The archive below summarizes content from the state's application for Lead State Partner in 2011.
State Superintendent of Public Instruction: Denise Juneau
Primary Point of Contact: Christina Dewald — Science Curriculum Specialist
Organizations: STEM Collaborative Network; STEM Task Force; Montana Science Teacher Association; Principal Investigators of Mathematics and Science Partnerships; Montana Education Association; Montana Federation of Teachers; Montana Council for Computers and Technology in Education; A-Z Curriculum Directors.
Background: In order to graduate from a Montana public high school a student must complete two credits in science with no specific course requirements. Montana’s most recent science standards were adopted in 2006 and are organized with six standards each addressed in grades K–12. The standards focus on the following concepts: process skills, physical and chemical sciences, life science, earth science, technological developments in the sciences, and historical developments within the sciences. These standards cover grades K–12; however performance descriptors are outlined by the end of grades 4, 8, and high school. In 2009, Montana added Essential Learning Expectations (ELEs) to each grade level to provide clarification and specificity across grade levels. Students are assessed in science through the Montana Comprehensive Assessment System (MontCAS) which includes a Criterion Referenced Test (CRT) in science in grades 4, 8, and 10.
Commitment: Montana has shown a strong commitment to standards based learning through its adoption of the Mathematics and English/Language Arts Common Core State Standards (CCSS) and its position as a governing state of SMARTER Balanced Assessment Consortium. Montana’s standards review period is approximately every five years; however, Montana is holding off on adopting new standards in 2011 in order to consider the NGSS once they are released. This shows a strong commitment to NGSS adoption and implementation. Montana is also committed to providing quality science education to all students, and they believe that the NGSS will help them achieve this goal.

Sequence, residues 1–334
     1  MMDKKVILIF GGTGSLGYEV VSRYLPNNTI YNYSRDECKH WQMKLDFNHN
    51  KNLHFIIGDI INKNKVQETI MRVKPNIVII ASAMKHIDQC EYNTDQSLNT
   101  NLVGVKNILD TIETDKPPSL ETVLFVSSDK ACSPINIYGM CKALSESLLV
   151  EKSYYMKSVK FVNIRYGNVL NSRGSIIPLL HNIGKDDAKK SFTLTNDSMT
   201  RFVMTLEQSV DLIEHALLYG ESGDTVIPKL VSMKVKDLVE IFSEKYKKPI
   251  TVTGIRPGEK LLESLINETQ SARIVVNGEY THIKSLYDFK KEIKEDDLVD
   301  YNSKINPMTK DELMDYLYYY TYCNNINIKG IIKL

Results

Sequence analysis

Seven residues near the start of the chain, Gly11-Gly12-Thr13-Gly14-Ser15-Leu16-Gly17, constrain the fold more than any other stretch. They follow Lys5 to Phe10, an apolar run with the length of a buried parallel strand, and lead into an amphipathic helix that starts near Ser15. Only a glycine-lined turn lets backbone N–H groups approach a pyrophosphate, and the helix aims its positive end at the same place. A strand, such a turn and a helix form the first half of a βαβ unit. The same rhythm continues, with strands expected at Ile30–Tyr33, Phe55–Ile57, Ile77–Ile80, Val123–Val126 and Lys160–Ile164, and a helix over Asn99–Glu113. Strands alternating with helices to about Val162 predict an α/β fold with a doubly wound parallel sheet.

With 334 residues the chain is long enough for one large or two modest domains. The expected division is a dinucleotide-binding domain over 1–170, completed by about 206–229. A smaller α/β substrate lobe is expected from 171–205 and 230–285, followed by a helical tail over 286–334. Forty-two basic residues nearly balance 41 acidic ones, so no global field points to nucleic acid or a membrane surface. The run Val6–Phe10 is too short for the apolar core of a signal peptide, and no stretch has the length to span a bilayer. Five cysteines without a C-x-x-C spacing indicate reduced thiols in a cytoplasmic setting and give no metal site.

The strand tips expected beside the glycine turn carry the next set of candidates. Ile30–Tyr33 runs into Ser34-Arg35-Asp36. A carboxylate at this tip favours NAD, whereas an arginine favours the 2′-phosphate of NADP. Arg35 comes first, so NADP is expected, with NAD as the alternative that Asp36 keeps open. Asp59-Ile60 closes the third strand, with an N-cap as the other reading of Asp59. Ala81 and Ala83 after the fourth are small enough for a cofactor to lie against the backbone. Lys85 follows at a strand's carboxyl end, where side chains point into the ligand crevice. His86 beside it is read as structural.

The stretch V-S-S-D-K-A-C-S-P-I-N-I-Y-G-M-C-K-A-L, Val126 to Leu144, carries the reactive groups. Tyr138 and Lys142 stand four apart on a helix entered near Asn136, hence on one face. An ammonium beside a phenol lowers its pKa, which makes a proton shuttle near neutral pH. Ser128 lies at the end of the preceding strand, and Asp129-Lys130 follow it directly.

STEM Involvement: Montana is working on a statewide STEM initiative which includes business representatives, K–12 educators, post-secondary educators, and state agencies. These organizations will work together to focus on STEM education in the classroom, business and education partnerships, and how these partnerships can create future jobs in STEM areas statewide. Montana has created a “STEM Network Survey” which was sent to the states’ STEM Collaborative Network listserv with the purpose of gaining more information about new potential STEM network supporters and the existence of other STEM-related jobs and organizations. This information will be synthesized into a comprehensive system that will be a useful tool when complete.
Alliances and Infrastructure: Montana’s integral STEM Collaborative Network ties the Office of Public Instruction closely with the business community, which will serve as an integral resource with NGSS implementation. This growing network not only will assist with implementation efforts, but is a viable communications source between members of many different organizations statewide. Additionally, the Montana Science Teacher Association works to communicate monthly with educators across the state on significant science issues via an “e-blast” which has already contained information regarding the NGSS. The strong communication systems throughout the state will be an important resource for NGSS implementation and professional development. In addition to instate collaborations, Montana has strong relationships with other western states, and these partnerships will be invaluable as NGSS development continues.